Chamber backs Senate cyber bill

The U.S. Chamber of Commerce is pressuring the Senate to take up and “expeditiously” pass a Senate cybersecurity bill that would encourage companies to share information about cyber threats with each other and the federal government.

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The Cybersecurity Information Sharing Act “would strengthen the protection and resilience of businesses’ information networks and systems against increasingly sophisticated and malicious actors,” the Chamber said in a letter Monday.

The bill — from Senate Intelligence Committee Chairwoman Dianne FeinsteinDianne FeinsteinThis week: Congress returns to government shutdown fight Hotel industry details plans to fight Airbnb Congress needs a do-over on fraud-laden 'Immigrant Investor' program MORE (D-Calif.) and Vice-chairman Saxby ChamblissSaxby ChamblissGOP hopefuls crowd Georgia special race Democrats go for broke in race for Tom Price's seat Spicer: Trump will 'help the team' if needed in Georgia special election MORE (R-Ga.) — passed through the Intelligence Committee earlier this month by a 12-3 vote.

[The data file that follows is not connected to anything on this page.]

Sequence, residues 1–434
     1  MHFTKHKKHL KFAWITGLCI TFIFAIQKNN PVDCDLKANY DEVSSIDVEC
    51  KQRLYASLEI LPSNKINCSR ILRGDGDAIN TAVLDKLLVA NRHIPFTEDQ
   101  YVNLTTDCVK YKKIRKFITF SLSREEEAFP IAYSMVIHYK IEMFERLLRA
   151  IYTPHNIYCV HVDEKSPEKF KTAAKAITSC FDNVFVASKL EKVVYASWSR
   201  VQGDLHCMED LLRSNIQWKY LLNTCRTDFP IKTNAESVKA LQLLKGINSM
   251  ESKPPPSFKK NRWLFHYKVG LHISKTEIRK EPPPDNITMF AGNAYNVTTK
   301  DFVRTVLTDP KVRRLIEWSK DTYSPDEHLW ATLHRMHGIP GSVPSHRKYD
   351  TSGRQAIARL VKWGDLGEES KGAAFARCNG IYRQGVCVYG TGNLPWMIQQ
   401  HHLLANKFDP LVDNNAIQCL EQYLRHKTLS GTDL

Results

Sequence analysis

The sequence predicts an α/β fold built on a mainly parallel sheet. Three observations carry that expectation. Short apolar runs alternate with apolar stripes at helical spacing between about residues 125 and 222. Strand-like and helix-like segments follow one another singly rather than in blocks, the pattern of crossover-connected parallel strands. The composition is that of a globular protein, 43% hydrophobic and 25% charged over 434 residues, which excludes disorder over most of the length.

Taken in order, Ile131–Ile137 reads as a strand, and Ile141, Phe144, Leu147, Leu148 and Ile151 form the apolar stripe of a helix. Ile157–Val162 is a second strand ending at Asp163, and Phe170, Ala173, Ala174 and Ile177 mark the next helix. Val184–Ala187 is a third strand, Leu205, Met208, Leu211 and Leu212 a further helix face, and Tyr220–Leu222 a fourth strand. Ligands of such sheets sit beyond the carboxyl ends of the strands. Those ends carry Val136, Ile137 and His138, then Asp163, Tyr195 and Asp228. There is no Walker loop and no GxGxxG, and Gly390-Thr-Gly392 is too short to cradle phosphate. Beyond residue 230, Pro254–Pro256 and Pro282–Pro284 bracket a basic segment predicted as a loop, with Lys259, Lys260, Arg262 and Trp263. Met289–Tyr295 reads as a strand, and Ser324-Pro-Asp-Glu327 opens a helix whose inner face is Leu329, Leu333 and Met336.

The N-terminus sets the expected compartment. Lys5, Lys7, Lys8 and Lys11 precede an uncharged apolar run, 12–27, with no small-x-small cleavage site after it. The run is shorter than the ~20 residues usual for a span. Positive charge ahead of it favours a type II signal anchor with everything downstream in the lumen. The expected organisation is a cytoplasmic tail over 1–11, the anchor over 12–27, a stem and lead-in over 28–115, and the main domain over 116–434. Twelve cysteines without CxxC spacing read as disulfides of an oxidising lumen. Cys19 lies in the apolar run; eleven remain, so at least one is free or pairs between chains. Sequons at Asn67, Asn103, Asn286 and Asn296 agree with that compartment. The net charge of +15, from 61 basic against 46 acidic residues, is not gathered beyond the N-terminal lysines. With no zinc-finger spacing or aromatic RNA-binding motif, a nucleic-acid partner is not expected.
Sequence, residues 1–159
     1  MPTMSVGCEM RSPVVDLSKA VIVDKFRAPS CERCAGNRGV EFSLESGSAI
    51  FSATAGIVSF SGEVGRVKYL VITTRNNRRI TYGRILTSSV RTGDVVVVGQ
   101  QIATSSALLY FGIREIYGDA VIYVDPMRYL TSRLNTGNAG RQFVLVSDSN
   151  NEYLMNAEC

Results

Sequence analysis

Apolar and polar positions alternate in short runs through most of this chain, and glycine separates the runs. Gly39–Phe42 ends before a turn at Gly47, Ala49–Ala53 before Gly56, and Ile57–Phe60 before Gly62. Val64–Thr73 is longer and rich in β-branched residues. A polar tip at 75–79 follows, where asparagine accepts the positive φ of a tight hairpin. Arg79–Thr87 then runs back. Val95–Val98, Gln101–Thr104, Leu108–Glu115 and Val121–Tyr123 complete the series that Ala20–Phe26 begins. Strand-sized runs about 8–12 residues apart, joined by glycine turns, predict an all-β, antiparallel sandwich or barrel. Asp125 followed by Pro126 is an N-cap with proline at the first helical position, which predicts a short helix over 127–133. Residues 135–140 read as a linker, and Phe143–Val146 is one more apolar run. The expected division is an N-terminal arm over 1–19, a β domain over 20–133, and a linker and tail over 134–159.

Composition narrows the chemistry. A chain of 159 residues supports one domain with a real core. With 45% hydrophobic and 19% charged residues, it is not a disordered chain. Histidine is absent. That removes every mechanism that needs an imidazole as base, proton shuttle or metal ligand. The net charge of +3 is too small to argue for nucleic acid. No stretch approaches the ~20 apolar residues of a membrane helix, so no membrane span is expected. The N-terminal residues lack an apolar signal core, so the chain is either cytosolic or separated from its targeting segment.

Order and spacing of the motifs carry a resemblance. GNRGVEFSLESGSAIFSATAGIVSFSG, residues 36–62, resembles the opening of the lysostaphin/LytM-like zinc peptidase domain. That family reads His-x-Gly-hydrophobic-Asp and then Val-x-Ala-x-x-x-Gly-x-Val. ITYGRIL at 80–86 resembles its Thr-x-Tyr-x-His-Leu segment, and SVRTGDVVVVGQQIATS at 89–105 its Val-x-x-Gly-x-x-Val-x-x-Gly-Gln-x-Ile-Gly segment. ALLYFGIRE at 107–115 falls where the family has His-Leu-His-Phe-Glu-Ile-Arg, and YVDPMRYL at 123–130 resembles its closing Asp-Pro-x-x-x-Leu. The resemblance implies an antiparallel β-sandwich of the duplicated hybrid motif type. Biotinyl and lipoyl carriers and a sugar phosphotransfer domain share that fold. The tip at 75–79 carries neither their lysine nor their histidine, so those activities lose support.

The group praised the bill’s protections for companies that share information about cyber threats.

It’s “targeted protections — including limited liability, disclosure, regulation, and antitrust — should constructively influence businesses’ decisions to share cyber threat data and countermeasures more quickly and frequently,” the letter said.

That bill has faced backlash from privacy advocates, who warn that it would let government agencies, including the National Security Agency, share and use information without adequate restraints and say it would give private companies too much leeway in identifying and responding to cyber threats.

The bill’s opponents include Senate Intelligence Committee members Ron WydenRon WydenTrump to impose tariffs on Canadian softwood lumber State removes post highlighting Trump Mar-a-Lago resort Lighthizer expected to win committee approval to lead trade office MORE (D-Ore.) and Mark UdallMark UdallPicking 2018 candidates pits McConnell vs. GOP groups Gorsuch's critics, running out of arguments, falsely scream 'sexist' Election autopsy: Latinos favored Clinton more than exit polls showed MORE (D-Colo.), who both warned of the bill’s consequences for privacy and civil liberties.

Sen. Jay RockefellerJay RockefellerObama to preserve torture report in presidential papers Lobbying world Overnight Tech: Senators place holds on FCC commissioner MORE (D-W.Va.) also expressed concerns about the bill’s affect on privacy.

“I felt it was more of a compromise than it needed to be,” he said off the Senate floor last week.